SA’s first ‘police hospital’ opens for Covid-19 patients in Pretoria

Deputy police minister Cassel Mathale and Polmed principal officer Neo Khauoe cut the ribbon to officially open the SAPS quarantine site in Tshwane on Thursday. Image: Shonisani Tshikalange

The doors have officially opened at SA’s first “police hospital”.

The 160-bed facility will first be used for women and men in blue who have contracted Covid-19. The disease has already claimed the lives of 193 officers.

Deputy police minister Cassel Mathale, together with SAPS national commissioner Gen Khehla Sitole and the management of the SA Police Medical Scheme (Polmed), opened the site at the Tshwane SAPS Academy on Thursday.

While the new hospital fits into the force’s long-term plans for its members, its first duty will be to assist officers who have been exposed to the coronavirus.

“We have been compelled to respond decisively and innovatively to curb the rapid spread of this pandemic and to ensure that we protect our front-line workers for them to be able to continue to deliver much-needed services to our citizens,” said Mathale. “What we are witnessing today is a step in the right direction.”

He said the pandemic had taught the government to prioritise the health of people.

Principal officer of Polmed, Neo Khauoe, said the site had the capacity to accommodate 160 patients. However, due to Covid-19 regulations it would accommodate up to 45 patients at this stage.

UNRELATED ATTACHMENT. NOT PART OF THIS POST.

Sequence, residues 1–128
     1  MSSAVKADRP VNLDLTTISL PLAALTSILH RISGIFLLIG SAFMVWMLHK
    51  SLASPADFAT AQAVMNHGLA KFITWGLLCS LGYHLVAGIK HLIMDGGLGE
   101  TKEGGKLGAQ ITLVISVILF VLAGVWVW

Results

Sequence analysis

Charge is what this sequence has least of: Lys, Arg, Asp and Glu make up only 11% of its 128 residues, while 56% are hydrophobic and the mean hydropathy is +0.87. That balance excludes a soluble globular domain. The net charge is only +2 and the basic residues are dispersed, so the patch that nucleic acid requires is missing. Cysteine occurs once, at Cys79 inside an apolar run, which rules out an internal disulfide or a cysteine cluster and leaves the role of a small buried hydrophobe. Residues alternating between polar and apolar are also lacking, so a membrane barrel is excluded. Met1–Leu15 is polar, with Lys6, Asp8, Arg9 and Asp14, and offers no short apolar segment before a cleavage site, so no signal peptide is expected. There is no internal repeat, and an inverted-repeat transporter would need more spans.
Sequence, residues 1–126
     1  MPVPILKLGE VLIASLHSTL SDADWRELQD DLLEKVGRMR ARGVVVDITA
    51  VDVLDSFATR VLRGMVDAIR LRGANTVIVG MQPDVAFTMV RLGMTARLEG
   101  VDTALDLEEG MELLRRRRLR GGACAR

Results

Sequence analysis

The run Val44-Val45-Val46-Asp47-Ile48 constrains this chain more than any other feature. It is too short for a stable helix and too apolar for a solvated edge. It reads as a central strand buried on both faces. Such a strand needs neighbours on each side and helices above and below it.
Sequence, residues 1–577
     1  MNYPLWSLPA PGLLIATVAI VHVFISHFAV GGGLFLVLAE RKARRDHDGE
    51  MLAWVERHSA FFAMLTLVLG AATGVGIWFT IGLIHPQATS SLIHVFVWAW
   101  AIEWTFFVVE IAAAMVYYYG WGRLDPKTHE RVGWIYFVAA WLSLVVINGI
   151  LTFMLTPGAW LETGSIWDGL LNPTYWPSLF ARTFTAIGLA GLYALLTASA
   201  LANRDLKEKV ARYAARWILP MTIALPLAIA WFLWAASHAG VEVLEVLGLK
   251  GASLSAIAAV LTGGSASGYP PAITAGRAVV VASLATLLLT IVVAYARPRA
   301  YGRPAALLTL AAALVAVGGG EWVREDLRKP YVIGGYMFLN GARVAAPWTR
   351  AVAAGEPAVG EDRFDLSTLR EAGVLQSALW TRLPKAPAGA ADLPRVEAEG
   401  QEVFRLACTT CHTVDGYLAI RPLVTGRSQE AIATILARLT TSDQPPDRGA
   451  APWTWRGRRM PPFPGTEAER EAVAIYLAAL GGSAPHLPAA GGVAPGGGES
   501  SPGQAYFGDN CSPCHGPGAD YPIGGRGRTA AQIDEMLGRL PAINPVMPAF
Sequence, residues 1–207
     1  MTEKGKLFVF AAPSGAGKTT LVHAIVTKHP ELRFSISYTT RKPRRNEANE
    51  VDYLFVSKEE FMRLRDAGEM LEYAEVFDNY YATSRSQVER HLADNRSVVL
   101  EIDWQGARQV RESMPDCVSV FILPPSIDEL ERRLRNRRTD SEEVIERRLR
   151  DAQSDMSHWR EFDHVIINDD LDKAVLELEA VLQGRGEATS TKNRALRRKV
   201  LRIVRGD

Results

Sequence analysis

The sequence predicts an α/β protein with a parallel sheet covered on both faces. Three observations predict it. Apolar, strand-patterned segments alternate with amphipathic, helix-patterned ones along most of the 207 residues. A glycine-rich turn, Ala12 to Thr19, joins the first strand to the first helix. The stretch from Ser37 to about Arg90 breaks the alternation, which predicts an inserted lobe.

“We now have 34 members in different quarantine sites, and this site will accommodate newly diagnosed patients,” she said. “We knew that they [officers] would be on the front line during this pandemic. It was important for us to ensure that our officers are safe during this pandemic. We are dedicating this facility to our members.”

Sitole said the facility will be turned into a hospital for police members when no longer needed for dealing with Covid-19.

“The hospital is part of a long-term plan and part of the SAPS turnaround vision. We plan to have a police hospital in 2021. The steering committee is further looking at other facilities that will serve our members. We will also look into another additional facility,” he said.

“While we are all grappling with Covid, police are still faced with the responsibility of dealing with criminals, which also exposes our officers to the virus.”

Dr Nkateko Munisi, chair of the advisory board of the RH group and non-executive director of hospitals, said the facility was well-equipped, like any other private hospital.

“For now the facility has been prepared to accommodate 45 members for isolation purposes. We have different wards for female and male but it is fully fledged, well equipped, with the standard of any private facility — but strictly for police officers,” he said.

TimesLIVE

By Shonisani Tshikalange – TimesLIVE

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